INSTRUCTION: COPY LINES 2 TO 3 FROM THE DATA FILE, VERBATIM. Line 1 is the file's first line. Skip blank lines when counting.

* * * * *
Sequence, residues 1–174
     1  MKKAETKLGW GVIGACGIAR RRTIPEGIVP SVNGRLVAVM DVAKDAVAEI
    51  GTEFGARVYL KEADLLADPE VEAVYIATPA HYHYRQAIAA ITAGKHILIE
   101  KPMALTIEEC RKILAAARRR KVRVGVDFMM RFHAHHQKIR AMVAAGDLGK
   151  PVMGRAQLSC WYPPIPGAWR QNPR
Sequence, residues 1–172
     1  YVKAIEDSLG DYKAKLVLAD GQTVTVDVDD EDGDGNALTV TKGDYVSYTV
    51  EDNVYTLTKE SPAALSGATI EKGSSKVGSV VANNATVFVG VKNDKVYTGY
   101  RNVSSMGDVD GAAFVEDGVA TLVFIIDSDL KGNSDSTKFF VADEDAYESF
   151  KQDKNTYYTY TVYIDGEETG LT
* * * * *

     1  MKKAETKLGW GVIGACGIAR RRTIPEGIVP SVNGRLVAVM DVAKDAVAEI
    51  GTEFGARVYL KEADLLADPE VEAVYIATPA HYHYRQAIAA ITAGKHILIE